The tools of analysis discussed in this article are helpful in making investment decisions, evaluating performance and forecasting future developments.
Comprehensive business analysis, however, calls for going beyond the conventional financial measures to consider qualitative factors relevant for evaluating the performance and prospects of a company. The American Association of Individual Investors (AAII) has summarized these factors as follow:
1) Are the company’s revenues tied to one key customer? If so, the company’s performance may decline dramatically if the customer goes elsewhere. On the other hand, if the relationship is firmly entrenched, this might actually stabilize sales.
2) To what extent are the company’s revenues tied to one key product? Companies that rely on a single product may be more efficient and focused, but a lack of diversification increases risk. If revenues come from several different products, the overall bottom line will be less affected by a drop in the demand for any one product.
3) To what extent does the company rely on a single supplier? Depending on a single supplier may lead to unanticipated shortages, which investors and potential creditors should consider.
4) What percentage of the company’s business is generated overseas? Companies with a large percentage of overseas business are often able to realize higher growth and larger profit margins. However, firms with large overseas operations find that the value of their operations depends in large part on the value of the local currency. Thus, fluctuations in currency markets create additional risks for firms with large overseas operations. Also, the potential stability of the region is important.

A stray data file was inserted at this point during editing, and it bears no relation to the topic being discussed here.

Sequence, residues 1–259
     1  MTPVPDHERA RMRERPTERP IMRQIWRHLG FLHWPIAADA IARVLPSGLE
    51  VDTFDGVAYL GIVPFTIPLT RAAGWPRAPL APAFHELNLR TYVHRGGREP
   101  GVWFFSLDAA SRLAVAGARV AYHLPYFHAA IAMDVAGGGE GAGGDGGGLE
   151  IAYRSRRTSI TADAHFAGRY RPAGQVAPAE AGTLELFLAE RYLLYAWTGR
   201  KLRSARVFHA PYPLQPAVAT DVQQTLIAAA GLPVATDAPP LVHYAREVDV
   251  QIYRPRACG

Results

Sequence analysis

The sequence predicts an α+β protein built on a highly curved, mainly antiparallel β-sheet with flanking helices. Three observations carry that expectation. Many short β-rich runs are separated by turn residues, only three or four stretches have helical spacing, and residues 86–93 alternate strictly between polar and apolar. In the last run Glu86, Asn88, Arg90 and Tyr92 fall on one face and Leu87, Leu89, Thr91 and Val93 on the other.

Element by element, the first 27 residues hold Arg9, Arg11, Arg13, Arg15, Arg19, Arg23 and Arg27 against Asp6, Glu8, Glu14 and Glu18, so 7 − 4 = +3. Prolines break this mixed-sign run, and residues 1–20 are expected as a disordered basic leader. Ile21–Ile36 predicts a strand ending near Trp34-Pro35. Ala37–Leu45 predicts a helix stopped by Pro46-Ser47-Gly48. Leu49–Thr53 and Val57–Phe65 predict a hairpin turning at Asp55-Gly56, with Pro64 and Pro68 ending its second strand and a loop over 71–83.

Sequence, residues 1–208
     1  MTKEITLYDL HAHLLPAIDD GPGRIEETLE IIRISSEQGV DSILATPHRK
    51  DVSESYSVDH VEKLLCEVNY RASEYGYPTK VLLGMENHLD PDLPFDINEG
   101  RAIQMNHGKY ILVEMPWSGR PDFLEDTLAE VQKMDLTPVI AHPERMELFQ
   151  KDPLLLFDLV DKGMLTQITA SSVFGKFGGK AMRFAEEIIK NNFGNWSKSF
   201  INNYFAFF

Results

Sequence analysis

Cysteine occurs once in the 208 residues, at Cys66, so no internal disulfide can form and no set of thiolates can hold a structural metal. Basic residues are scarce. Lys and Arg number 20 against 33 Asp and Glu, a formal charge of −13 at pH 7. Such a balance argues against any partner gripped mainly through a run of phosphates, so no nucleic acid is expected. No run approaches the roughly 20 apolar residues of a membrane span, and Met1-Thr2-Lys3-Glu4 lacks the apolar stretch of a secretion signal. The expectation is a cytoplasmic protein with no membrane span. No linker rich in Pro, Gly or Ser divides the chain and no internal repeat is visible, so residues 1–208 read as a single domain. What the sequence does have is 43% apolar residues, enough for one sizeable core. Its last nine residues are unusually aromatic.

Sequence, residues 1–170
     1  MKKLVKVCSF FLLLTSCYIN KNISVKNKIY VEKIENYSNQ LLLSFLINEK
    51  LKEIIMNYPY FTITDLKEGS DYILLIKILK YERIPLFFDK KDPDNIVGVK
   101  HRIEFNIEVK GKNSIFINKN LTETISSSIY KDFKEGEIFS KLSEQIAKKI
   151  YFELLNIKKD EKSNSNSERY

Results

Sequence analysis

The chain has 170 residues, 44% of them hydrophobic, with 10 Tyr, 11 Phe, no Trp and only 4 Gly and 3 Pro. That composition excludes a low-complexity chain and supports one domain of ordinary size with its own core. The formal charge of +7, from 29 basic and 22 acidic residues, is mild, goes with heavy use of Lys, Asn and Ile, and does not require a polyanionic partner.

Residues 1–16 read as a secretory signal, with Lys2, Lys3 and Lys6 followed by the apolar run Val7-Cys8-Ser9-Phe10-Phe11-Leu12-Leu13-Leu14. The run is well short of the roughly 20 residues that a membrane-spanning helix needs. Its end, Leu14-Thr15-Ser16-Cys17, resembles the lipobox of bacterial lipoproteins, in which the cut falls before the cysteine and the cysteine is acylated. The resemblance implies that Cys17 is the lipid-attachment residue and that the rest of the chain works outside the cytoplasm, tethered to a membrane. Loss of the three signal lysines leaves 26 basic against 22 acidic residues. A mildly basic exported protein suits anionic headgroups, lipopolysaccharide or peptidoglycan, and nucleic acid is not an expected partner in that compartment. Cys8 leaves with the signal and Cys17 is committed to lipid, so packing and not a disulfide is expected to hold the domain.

5) Competition. Generally, increased competition lowers prices and profit margins. In forecasting future performance, it is important to assess both the likely actions of the current competition and the likelihood of new competitors in the future.
6) Future prospects: Does the company invest heavily in research and development: If so, its future prospects may depend critically on the success of new products in the pipeline. For example, the market’s assessment of a computer company depends on how next year’s products are shaping up. Likewise, investors in pharmaceutical companies are interested in knowing whether the company has developed any potential blockbuster drugs that are doing well in the required tests.
7) Legal and regulatory environment: Changes in laws and regulations have important implications for many industries. For example, when forecasting the future of tobacco companies, it is crucial to factor in the effects of proposed regulations and pending or likely lawsuits. Likewise when assessing banks, telecommunications firms, and electric utilities, analysis need to forecast both the extent to which these industries will be regulated in the years ahead, and the ability of individual firms to respond to changes in regulation.
In common size analysis the items in the balance sheet are stated as percentages of total assets and the items in the income statements are expressed as percentages of total sales. Such common size statements provide a useful perspective, facilitate better understanding and sensitize the analysts to secular changes and emerging trends.
The Du Pont chart is a popular tool of financial analysis. A useful diagnostic tool, it provides an insight into the two determinants of return on total assets: net profit margin and total assets turnover ratio. By including a financial leverage ratio, the Du Pont analysis may be extended to explore the determinants of the return on equity.
Financial ratios may be combined to answer some questions that are commonly raised by investors and others. They may be used to assess corporate excellence, judge creditworthiness of customers, predict bankruptcy, value equity shares, predict bond ratings and measure market risk.
While financial statement analysis can be a very useful tool, there are certain problems and issues encountered in such analysis that call for care, circumspection and judgment.